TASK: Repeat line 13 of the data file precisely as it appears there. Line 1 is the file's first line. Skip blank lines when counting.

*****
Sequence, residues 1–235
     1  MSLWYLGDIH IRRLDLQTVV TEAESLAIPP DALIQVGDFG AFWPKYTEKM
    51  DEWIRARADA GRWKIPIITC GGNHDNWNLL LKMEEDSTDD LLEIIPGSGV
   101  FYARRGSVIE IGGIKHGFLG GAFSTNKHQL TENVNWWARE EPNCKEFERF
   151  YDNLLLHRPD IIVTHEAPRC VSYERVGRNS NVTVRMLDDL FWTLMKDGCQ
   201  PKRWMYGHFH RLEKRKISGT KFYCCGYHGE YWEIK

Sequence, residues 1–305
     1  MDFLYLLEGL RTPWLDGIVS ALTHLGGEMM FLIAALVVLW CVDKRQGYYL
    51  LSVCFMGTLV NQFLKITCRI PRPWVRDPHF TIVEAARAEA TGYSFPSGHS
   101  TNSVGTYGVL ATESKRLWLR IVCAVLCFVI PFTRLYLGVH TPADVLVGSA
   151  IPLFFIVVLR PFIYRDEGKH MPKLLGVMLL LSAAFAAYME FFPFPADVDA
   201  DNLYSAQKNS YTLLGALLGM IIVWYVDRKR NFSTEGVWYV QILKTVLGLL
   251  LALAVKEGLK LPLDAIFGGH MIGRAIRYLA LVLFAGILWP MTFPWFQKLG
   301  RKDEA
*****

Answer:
   251  LALAVKEGLK LPLDAIFGGH MIGRAIRYLA LVLFAGILWP MTFPWFQKLG